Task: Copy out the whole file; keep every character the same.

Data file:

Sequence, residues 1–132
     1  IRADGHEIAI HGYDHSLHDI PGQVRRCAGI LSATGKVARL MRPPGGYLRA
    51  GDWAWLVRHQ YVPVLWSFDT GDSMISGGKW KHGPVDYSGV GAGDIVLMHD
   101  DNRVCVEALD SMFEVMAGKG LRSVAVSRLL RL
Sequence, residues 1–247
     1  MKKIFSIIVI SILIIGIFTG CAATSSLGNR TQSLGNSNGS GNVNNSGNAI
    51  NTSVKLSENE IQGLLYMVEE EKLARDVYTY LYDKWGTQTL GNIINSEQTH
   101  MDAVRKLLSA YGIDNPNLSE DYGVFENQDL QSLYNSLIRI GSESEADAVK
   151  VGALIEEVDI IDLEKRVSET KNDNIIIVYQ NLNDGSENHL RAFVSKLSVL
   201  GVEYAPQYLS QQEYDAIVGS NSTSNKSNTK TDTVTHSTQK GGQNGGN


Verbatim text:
Sequence, residues 1–132
     1  IRADGHEIAI HGYDHSLHDI PGQVRRCAGI LSATGKVARL MRPPGGYLRA
    51  GDWAWLVRHQ YVPVLWSFDT GDSMISGGKW KHGPVDYSGV GAGDIVLMHD
   101  DNRVCVEALD SMFEVMAGKG LRSVAVSRLL RL
Sequence, residues 1–247
     1  MKKIFSIIVI SILIIGIFTG CAATSSLGNR TQSLGNSNGS GNVNNSGNAI
    51  NTSVKLSENE IQGLLYMVEE EKLARDVYTY LYDKWGTQTL GNIINSEQTH
   101  MDAVRKLLSA YGIDNPNLSE DYGVFENQDL QSLYNSLIRI GSESEADAVK
   151  VGALIEEVDI IDLEKRVSET KNDNIIIVYQ NLNDGSENHL RAFVSKLSVL
   201  GVEYAPQYLS QQEYDAIVGS NSTSNKSNTK TDTVTHSTQK GGQNGGN